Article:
Antibacterial soap question

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LauraZ

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I just started making soap and gave a few bars to my daughter and son-in-law who are both nurses. They are concerned about using it because it's not antibacterial. They wondered how clean my handmade soap will get them if they touch raw chicken or change their son's diaper. Do they have reason to be concerned?

I don't like using antibacterial soap and thought I saw an article that the chemicals in antibacterial soaps were being banned except for use in hospitals but I'm just a novice soap maker and not really sure what to say except to tell them I'll just make soap for the rest of the family and they can stick with the kind that makes them happy lol.
 

IrishLass

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Right here, silly!
Trust me, your handmade soap will clean your hands perfectly well, even after handling raw chicken and after changing dirty diapers. It does not need any added anti-bacterial ingredients in it at all. I have nurses in my family as well, and they try to stay away from using soaps and cleansers with 'anti-bacterial' ingredients in them. They are un-needed over-kill in handmade soap that can do more harm than good.

Hopefully our forum member Susie will chime in on this as she herself is a nurse.


IrishLass :)
 

Susie

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Have them read this:

http://www.fda.gov/NewsEvents/Newsroom/PressAnnouncements/ucm517478.htm

I am also a nurse, so I get the concern. We are trained from day 1 to understand that EVERYTHING is contaminated, and to KILL THOSE GERMS! However, those antibacterial soaps are part of the problem with our resistant bacteria, and are no more effective than regular soaps. All soaps are antibacterial, as proper handwashing removes the bacteria from our hands.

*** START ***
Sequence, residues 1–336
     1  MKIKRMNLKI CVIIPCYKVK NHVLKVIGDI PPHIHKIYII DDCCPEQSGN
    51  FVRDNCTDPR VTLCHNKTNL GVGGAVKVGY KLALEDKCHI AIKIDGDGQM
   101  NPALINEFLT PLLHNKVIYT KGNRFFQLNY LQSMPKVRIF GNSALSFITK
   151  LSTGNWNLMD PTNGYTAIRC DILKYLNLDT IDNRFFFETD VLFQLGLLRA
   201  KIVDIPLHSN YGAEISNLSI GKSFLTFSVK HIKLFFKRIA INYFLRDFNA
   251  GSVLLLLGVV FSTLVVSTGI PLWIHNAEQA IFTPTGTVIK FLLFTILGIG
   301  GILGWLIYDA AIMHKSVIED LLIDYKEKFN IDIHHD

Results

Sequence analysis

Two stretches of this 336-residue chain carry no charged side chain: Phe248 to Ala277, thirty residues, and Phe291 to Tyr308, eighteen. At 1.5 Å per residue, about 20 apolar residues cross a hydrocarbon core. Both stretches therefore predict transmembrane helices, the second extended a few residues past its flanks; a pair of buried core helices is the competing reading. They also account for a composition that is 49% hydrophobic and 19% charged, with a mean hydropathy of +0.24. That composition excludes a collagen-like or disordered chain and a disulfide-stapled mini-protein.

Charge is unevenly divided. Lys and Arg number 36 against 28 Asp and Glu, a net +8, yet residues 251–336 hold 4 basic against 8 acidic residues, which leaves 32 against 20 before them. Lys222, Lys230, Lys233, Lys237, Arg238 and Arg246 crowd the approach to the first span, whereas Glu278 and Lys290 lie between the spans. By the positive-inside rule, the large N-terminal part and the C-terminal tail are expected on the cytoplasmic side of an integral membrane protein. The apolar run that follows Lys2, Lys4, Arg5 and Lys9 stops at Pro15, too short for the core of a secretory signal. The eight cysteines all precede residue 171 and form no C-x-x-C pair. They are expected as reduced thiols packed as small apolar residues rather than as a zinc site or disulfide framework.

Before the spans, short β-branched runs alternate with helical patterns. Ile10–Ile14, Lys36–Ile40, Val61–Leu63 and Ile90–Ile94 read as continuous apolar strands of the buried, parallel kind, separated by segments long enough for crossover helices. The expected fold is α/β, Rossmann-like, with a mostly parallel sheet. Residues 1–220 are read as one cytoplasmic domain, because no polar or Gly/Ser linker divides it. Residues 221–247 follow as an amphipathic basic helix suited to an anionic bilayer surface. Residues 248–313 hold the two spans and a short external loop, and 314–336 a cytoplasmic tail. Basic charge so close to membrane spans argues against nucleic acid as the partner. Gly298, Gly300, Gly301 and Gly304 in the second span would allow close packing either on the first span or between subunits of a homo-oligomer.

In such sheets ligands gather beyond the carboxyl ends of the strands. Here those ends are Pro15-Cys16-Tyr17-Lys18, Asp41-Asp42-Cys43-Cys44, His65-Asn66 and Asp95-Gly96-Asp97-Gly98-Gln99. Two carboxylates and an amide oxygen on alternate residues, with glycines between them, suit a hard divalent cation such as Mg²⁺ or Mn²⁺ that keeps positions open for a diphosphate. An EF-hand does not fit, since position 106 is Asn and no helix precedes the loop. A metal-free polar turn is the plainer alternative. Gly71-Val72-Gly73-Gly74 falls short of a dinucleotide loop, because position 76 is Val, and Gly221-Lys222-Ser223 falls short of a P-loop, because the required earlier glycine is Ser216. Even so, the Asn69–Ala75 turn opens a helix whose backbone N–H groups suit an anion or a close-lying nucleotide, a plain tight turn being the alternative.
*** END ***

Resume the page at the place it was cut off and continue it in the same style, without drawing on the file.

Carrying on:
ETA: Posted same time as IrishLass, LOL.
 

Soapmaker145

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I just started making soap and gave a few bars to my daughter and son-in-law who are both nurses. They are concerned about using it because it's not antibacterial. They wondered how clean my handmade soap will get them if they touch raw chicken or change their son's diaper. Do they have reason to be concerned?

I don't like using antibacterial soap and thought I saw an article that the chemicals in antibacterial soaps were being banned except for use in hospitals but I'm just a novice soap maker and not really sure what to say except to tell them I'll just make soap for the rest of the family and they can stick with the kind that makes them happy lol.
Your soap is way better than antibacterial chemicals at cleaning up hands after chicken or diapers. I still use clorox to wash the sink after washing chicken (old habit) even though I know my liquid soap is good enough.

In a hospital setting, antibacterial soaps make sense as long as people know how to use them properly. In a home setting, antibacterial soaps create problems because they interfere with a natural environment that normally controls itself. The routine use of antibacterial chemicals kills more benign organisms and allows more harmful organisms to spread. It's the opposite of what you want and it is why they are not recommended for use in the home.